Why do you dread saying "I don't know"? How could anyone know the answer to every possible question in a computer programming related field? All it takes is a quick glance at the one-question-every-few-seconds activity on Stack Overflow to realize how vast and complicated computer programming is. As a hiring manager, I'd be more concerned about someone who thinks they know (or should know) the answer to every possible question since such a person probably either has inflated self-regard or is just clueless about the scope of knowledge possibilities.

You seem mostly focused on your core job function skills. You should also think about other things: communication skills, people/social skills (including teamwork skills, which are probably important in any computer programming job), the vibe you have (positive, energetic, etc. - and you did mention you get excited, and you should definitely let that show), the questions you ask about the job and company, body language (sit up and forward, don't slouch, and make good eye contact, etc.), etc.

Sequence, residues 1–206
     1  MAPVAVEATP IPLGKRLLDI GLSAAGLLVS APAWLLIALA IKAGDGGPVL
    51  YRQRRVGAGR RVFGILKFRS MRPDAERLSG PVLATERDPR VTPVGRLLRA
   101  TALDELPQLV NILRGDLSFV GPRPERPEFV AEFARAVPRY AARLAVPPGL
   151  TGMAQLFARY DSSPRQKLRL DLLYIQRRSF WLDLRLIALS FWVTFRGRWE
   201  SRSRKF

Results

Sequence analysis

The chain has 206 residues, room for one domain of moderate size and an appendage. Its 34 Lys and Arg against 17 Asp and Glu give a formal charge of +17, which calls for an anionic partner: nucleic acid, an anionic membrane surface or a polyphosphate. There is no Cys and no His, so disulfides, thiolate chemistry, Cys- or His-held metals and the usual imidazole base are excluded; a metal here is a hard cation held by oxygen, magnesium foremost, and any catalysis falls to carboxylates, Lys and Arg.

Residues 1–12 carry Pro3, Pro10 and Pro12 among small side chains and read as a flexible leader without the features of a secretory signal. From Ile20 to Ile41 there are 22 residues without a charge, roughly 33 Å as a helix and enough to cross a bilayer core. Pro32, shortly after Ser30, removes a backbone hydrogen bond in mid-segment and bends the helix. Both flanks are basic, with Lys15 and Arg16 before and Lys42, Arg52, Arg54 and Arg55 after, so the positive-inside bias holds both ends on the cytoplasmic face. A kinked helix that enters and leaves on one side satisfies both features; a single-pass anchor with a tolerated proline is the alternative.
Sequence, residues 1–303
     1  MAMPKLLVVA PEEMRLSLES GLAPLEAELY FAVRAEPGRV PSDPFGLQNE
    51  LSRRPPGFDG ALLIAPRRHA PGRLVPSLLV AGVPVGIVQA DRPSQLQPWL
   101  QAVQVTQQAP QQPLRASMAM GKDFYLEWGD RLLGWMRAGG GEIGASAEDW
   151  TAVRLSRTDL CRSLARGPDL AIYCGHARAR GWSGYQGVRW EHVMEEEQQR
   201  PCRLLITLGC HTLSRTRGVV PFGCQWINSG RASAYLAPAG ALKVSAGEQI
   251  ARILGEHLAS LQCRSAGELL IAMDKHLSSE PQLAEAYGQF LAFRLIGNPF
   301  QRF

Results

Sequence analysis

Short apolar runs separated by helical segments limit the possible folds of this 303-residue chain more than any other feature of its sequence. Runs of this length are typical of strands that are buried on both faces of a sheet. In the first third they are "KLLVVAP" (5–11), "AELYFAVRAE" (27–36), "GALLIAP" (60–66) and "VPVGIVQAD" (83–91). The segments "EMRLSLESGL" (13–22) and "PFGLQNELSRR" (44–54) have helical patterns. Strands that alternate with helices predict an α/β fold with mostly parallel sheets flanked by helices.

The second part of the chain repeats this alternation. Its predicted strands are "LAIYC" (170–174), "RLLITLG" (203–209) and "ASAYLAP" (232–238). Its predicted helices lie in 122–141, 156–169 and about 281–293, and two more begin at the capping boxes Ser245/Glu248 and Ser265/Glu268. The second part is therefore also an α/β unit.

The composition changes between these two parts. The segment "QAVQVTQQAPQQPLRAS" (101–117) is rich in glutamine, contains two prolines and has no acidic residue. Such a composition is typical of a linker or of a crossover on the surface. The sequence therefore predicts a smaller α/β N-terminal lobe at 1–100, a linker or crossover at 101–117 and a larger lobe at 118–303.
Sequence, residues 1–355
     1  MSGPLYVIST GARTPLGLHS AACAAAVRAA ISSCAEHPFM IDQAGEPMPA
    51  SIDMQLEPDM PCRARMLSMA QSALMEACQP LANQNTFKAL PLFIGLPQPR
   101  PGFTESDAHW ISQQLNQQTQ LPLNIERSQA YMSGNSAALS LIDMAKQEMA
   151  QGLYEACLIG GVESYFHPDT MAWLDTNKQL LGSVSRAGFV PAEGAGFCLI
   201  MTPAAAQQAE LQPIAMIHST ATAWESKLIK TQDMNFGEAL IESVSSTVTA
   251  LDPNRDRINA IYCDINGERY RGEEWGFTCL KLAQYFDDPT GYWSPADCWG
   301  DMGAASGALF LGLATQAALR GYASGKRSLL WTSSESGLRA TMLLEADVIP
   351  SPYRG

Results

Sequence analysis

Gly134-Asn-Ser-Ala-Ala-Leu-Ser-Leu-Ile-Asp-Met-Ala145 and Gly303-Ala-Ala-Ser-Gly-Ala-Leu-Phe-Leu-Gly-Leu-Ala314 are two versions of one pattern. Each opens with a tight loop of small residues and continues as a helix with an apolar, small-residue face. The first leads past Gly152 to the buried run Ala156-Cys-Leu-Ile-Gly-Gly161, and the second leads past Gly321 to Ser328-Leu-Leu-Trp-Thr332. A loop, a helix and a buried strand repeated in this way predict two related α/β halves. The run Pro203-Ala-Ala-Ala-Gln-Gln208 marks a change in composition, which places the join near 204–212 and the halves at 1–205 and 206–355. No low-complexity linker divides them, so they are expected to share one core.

I'm not sure why you think you wouldn't have stamina for a three hour interview. That concerns me because computer programming is demanding. Not sure if you want to elaborate on that point.
posted by Dansaman at 8:22 AM on October 17, 2012 [1 favorite]

In my experience, long interviews include breaks, and people are generally pretty friendly as you're getting passed around to meet various people. It does take some stamina, but it's really not so bad. You will be at the company for 3 hours, you will be "on" for 3 hours and being conscious of the impression you're making the whole time, but you won't be "interviewing" for 3 hours. Presumably you'll talk with your boss/manager, you'll shake hands with people more important than that manager, you'll spend a little while talking with someone in HR (who doesn't really have much say in whether or not to hire you, this is more an exchange of information), and you'll meet some of the people you'll be working with, project team leaders, etc. If you were sitting in the same room for 3 hours straight getting grilled like an oral exam, yes, that would take serious stamina, but this probably won't be so bad, you'll have a few minutes of down time.